Author Topic: Ditching the glass carboy...  (Read 2340 times)

Offline Pinski

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Re: Ditching the glass carboy...
« Reply #30 on: February 13, 2014, 01:29:55 PM »
There's no price listed yet, but Blichamnn has the Cornical coming out:


http://www.blichmannengineering.com/new-innovations-coming-soon

Cornicaltm MODULAR KEGGING AND FERMENTING SYSTEM

The next innovation coming off our workstations is a revolutionary NEW PATENT PENDING Cornicaltm MODULAR KEGGING AND FERMENTING SYSTEM.  Built with a Corny keg at its core, we've integrated an exchangable bottom to allow you to ferment with our conical bottom, then flip it over, switch to a standard keg bottom, and you're ready to carbonate and dispense!  The beauty of this system is the elimination of transferring the beer and also the competitive price!  The keg body is Italian made on modern automated machinery - no inferior welds like other imports.  The conical bottom is one piece and made right here at home!  We'll be in production this summer - check back for updates!!!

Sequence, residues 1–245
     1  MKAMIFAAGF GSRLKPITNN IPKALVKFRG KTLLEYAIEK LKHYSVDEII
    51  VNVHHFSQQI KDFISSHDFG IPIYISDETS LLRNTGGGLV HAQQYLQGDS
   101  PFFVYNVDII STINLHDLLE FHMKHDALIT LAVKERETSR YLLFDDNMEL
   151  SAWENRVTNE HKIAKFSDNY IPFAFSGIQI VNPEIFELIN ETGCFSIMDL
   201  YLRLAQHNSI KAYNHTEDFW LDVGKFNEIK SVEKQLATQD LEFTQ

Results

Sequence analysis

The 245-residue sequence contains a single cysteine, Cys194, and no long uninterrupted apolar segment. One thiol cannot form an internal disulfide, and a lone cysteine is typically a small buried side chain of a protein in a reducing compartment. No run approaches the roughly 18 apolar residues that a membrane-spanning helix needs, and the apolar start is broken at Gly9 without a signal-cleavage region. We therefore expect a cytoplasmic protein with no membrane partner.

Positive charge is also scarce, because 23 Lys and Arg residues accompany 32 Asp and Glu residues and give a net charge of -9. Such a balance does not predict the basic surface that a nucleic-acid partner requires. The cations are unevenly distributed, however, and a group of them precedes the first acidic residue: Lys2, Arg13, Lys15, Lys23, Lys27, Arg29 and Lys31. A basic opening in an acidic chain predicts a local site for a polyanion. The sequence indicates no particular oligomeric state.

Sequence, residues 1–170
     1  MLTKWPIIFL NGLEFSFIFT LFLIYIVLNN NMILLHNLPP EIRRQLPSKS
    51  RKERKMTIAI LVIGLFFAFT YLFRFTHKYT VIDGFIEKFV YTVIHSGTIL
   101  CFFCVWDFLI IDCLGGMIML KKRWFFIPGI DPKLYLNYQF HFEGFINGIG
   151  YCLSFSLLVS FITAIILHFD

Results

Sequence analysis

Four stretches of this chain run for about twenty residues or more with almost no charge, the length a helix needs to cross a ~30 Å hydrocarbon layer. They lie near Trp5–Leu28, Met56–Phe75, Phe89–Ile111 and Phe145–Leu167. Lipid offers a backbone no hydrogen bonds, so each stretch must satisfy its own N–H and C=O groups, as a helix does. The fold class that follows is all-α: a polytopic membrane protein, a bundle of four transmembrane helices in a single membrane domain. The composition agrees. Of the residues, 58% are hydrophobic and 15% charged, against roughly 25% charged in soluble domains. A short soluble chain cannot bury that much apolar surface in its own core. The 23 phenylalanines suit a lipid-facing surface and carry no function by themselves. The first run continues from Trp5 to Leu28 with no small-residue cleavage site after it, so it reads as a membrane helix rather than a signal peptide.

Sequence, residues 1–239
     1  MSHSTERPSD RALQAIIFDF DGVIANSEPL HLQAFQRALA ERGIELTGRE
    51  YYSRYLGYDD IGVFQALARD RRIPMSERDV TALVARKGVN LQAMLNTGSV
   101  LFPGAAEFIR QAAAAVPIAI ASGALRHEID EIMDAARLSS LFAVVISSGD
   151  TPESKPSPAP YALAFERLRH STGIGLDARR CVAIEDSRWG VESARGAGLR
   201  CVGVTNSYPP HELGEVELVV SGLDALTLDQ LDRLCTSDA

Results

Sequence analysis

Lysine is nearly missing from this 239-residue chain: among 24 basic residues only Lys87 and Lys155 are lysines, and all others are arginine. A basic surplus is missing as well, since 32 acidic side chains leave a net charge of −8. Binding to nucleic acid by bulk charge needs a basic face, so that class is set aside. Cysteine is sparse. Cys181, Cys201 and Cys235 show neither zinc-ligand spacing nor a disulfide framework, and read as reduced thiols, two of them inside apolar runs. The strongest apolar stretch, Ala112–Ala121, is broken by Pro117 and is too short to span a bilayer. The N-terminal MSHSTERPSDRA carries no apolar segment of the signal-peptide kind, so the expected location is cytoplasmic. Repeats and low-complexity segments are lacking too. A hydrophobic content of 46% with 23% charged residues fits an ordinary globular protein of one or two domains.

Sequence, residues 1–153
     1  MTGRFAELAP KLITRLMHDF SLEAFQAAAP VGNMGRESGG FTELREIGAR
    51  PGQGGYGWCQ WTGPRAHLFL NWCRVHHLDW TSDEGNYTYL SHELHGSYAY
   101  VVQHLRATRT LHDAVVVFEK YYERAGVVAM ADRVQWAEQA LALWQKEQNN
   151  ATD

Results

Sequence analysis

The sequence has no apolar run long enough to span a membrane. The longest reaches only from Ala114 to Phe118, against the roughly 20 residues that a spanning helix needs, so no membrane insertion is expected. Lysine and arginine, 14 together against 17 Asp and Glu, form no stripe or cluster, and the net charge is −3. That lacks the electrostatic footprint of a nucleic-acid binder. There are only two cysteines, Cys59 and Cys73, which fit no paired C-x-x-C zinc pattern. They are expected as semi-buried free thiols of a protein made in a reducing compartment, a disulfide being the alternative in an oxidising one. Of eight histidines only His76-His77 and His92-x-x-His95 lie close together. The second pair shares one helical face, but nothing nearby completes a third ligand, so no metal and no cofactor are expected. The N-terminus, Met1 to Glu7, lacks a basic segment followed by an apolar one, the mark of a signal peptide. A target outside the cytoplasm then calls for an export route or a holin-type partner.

It's not April 1st is it?

Sooo, how do you go about removing the conical piece without stirring up the yeast or dumping your beer.  I'm not "seeing" the vision.
Steve Carper
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Offline morticaixavier

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Re: Ditching the glass carboy...
« Reply #31 on: February 13, 2014, 01:35:48 PM »
There's no price listed yet, but Blichamnn has the Cornical coming out:


http://www.blichmannengineering.com/new-innovations-coming-soon

Cornicaltm MODULAR KEGGING AND FERMENTING SYSTEM